New York knows no shortage of burgers. Grilled, griddled, pan-fried, smothered in special sauce or blanketed in cheese, served in diners for bargain-bin prices, and made fancy for fancy prices. All in all, though, most burgers are, well, burgers. They’re everywhere for good reason, but that also means that, for the most part, it’s not like you have to seek them out. Sometimes, though, you find an exception.
Take the one now being served with five-spice wedge fries at Win Son Bakery, the café-bar spin-off of Joshua Ku and Trigg Brown’s very popular Taiwnaese-American spot Win Son. There’s melted raclette blanketing the burger itself, a garnish of scallions, and an actually special sauce that’s mayo-based and made with funky and savory doufu ru or fermented bean curd as well as ginger, scallions, and ketchup. It’s like the one they serve on Win Son’s big chicken bun. “Both use doufu ru in different ways. The big chicken sauce is more savory. It tastes like ham,” Brown says. “This is like a funky and sweeter 1,000 Island.”
It’s served not on Martin’s but a rich milk bread that pastry chef Danielle Spencer bakes in-house and which Brown says is the star of all their sandwiches. (For the breakfast sandwiches, you can also sub out the milk bread for a scallion pancake and pretend you’re eating a wrap.)
“It’s this milk bread that we have experienced in Taiwan, that we’ve recreated and tried to apply here in our unique Taiwnaese-American way,” he explains. Made with a toasted-milk roux, the bread is used day and night, for breakfast sandwiches like a bacon, egg, and raclette cheese, as well as ones at dinner like the san bei ji “chopped cheese” and an untraditional eggplant parm. That’s made with a tomato sauce that starts with sweated onion and garlic, gets spiked with rice wine, and is heavy on the doubanjiang, and which gets ladled over breaded and fried eggplant with an ample amount of raclette. “It’s always the eggplant — it’s the Trojan horse into people’s hearts,” Ku jokes, in reference to Win Son’s popular eggplant and kefir dish.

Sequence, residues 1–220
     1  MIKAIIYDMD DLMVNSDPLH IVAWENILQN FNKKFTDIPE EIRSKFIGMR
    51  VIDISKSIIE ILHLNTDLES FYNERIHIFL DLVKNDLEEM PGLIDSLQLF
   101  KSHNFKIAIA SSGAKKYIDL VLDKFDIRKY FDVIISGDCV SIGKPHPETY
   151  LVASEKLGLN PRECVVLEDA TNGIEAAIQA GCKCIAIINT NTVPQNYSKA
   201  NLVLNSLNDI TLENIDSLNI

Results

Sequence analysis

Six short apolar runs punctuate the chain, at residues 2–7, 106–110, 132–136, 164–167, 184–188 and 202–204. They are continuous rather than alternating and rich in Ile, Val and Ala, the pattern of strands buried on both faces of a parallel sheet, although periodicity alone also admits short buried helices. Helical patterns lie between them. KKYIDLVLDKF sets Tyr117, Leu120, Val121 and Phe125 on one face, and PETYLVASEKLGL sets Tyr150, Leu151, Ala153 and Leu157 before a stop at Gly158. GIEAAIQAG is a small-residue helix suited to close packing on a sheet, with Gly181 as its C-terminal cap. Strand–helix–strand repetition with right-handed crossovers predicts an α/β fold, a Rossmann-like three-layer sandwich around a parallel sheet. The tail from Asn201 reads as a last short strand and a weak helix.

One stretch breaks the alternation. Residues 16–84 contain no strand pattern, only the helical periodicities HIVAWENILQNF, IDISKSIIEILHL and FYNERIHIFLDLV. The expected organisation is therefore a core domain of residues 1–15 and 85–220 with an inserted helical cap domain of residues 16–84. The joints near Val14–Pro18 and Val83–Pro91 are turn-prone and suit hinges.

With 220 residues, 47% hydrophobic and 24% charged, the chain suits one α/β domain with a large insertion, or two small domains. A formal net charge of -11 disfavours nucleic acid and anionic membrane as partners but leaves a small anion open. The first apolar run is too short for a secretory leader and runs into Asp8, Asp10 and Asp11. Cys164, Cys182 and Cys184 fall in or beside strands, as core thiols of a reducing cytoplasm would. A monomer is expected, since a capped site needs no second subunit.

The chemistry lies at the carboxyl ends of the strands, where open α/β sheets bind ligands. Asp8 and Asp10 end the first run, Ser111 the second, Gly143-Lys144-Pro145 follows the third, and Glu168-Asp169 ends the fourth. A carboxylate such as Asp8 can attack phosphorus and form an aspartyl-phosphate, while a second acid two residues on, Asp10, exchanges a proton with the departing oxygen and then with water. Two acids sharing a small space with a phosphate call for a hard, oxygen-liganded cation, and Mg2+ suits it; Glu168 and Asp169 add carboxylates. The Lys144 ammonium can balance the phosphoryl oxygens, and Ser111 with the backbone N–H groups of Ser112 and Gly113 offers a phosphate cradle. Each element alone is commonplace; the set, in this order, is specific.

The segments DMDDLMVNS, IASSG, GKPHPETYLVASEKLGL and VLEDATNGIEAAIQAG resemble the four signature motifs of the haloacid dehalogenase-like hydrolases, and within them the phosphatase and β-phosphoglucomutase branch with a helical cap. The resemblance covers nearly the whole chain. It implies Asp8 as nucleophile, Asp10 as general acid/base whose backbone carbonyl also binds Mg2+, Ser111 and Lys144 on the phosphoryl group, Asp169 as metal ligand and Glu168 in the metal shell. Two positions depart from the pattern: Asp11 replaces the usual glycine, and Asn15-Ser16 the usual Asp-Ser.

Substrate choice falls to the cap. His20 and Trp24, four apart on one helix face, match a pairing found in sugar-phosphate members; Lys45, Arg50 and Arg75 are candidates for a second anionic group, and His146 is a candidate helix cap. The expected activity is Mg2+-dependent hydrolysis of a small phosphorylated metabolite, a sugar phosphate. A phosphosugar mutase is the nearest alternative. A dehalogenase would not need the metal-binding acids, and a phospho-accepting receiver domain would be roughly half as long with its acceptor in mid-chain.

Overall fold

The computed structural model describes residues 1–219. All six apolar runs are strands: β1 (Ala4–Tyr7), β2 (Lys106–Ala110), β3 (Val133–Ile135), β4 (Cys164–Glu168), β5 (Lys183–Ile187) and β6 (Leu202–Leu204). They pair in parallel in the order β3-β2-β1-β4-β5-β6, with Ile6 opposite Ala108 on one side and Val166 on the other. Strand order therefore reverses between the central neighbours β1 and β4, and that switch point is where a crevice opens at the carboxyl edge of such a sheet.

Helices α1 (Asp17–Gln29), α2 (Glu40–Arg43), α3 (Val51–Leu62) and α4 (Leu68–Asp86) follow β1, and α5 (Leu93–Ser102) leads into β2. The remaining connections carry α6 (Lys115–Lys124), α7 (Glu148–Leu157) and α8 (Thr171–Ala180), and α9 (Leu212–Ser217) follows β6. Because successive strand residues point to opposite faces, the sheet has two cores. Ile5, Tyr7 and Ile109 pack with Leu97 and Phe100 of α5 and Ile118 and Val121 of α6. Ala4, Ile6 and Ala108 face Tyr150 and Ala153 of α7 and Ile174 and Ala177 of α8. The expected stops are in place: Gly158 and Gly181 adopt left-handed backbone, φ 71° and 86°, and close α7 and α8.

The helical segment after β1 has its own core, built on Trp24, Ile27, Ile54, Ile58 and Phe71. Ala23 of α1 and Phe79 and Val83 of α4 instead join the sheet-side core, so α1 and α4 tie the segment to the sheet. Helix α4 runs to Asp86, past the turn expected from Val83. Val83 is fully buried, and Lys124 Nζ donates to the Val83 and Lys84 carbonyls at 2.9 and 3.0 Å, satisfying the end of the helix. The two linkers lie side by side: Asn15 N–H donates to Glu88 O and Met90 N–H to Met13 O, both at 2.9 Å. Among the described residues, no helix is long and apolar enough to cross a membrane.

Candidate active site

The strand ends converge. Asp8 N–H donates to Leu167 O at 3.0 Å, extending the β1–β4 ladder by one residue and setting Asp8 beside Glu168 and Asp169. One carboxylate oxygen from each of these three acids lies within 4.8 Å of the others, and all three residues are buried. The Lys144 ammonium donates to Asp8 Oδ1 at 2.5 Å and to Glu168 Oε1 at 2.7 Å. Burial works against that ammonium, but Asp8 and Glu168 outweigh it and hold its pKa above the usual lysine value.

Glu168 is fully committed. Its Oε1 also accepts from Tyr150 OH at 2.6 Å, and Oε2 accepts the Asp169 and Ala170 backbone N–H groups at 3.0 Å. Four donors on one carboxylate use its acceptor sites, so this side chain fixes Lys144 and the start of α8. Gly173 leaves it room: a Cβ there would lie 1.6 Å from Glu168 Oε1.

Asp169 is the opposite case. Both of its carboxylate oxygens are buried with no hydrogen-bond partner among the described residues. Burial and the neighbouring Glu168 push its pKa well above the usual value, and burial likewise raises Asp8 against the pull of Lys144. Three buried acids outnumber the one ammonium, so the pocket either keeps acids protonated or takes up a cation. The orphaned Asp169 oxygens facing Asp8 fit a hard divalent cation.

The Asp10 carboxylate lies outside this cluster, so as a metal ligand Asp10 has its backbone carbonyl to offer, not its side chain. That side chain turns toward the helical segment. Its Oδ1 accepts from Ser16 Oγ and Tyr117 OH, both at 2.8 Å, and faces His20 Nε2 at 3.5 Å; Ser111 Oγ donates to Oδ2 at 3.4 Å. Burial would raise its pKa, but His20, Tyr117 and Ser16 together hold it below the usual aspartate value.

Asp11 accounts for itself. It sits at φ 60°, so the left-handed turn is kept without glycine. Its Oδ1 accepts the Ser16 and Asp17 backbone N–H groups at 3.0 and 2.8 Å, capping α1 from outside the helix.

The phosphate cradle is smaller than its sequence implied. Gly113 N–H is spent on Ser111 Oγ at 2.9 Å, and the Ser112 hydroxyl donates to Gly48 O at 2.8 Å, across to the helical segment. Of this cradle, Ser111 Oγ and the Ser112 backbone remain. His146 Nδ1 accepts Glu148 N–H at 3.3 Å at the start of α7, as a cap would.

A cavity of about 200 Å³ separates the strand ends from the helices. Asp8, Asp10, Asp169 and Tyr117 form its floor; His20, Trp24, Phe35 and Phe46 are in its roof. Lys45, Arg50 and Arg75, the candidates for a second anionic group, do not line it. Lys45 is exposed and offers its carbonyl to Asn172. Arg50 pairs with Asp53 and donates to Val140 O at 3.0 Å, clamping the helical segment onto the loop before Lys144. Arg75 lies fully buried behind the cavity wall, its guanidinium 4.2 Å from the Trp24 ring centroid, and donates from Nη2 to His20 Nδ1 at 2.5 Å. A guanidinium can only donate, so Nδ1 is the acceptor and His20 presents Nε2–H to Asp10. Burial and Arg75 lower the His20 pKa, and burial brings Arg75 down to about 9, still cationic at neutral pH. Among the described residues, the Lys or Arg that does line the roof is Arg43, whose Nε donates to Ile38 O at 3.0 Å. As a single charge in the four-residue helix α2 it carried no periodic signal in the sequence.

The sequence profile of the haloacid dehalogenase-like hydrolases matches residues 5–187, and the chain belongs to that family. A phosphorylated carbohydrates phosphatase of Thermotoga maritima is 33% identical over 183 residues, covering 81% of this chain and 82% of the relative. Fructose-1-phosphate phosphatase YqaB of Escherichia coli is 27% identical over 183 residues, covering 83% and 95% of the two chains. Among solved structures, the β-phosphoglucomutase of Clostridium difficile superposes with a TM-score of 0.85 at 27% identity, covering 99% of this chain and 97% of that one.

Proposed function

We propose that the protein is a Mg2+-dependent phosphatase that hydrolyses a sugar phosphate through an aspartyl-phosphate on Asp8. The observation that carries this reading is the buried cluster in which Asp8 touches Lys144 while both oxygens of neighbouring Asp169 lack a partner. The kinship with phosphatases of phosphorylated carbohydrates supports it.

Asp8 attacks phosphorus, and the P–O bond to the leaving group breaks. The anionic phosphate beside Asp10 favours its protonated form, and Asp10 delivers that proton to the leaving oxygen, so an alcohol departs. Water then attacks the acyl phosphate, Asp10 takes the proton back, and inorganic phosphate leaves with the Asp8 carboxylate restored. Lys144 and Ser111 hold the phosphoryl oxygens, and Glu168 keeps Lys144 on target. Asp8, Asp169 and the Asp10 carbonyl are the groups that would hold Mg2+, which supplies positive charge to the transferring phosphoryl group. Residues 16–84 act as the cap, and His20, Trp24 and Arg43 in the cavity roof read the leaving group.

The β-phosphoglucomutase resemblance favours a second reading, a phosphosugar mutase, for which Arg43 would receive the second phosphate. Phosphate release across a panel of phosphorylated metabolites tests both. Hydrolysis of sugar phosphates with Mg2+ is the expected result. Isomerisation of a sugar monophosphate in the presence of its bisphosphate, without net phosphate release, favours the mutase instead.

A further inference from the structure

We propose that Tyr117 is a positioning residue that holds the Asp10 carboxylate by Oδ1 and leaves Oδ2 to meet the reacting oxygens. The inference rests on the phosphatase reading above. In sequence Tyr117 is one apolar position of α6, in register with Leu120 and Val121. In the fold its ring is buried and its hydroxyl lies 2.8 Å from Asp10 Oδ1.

Along with the sandwiches, the dinner menu will be rounded out by xiaochi, cold and seasonal vegetable dishes like peaches and sungolds; salads including a white sesame caesar; and a pair of poultry dishes. The big chicken box will remind you of the sandwich across the street, but here it’s dunked in a sweet sauce and served with fries and scallion pancakes, and the ya fan is a duck rice dish that’s all about pan drippings.
Unlike at Win Son, the Bakery’s food was created to be better suited for takeout, and the space is designed to facilitate come-and-go orders. The two restaurants are roughly the same size, but Bakery is longer and sleeker in design, with some plants (“always need more plants,” Ku says) and rather cool hanging lamps created by Souda. The studio, co-founded by Ku’s friend Luft Tanaka, helped design both restaurants. There are plenty of tables and a bar at the front entrance, while the counter for ordering is sequestered on the other side of the room and near another entrance. Ku expects the Bakery to have its liquor license in about a week, when they’ll start serving natural wines and cocktails, like the baijiu and black cherry liqueur-based Running Horse Slushie, from partner Jesse Shapell.
Pastry, though, will be as big a part of Win Son Bakery as anything. Taiwan has one of the world’s premiere breakfast cultures, heavy on carbs and freshly made soy milk, as well as a baking culture that pulls from northern China, Japan, and Europe. There will be soy milk, which you can get steamed with espresso, and fan tuan (sticky-rice rolls stuffed with fillings like pork floss), but also some pretty exciting pastries from Spencer. Her baked goods are explicitly in the Win Son style, and inspired by things she ate with Ku on a trip to the island. Take the laminated pollo bao, a pineapple bun made with croissant dough.
“It kind of blew Danielle’s mind. Being not familiar with those things and then seeing the two combined in a way that creates something really nice and delicious,” Ku explains. There are millet-flour mochi doughnuts, a riff on one they ate in Tainan, milk-bread date cake made with red-rice glaze, and more. The pastries were always on Ku and Brown’s minds, and Win Son’s popularity gives them license to pursue more ideas. “Hopefully we have a better platform to push these things that are a little more unfamiliar but we think people will enjoy,” Ku says.
Win Son Bakery, 164 Graham Ave, at Montrose Ave.; 917-909-1725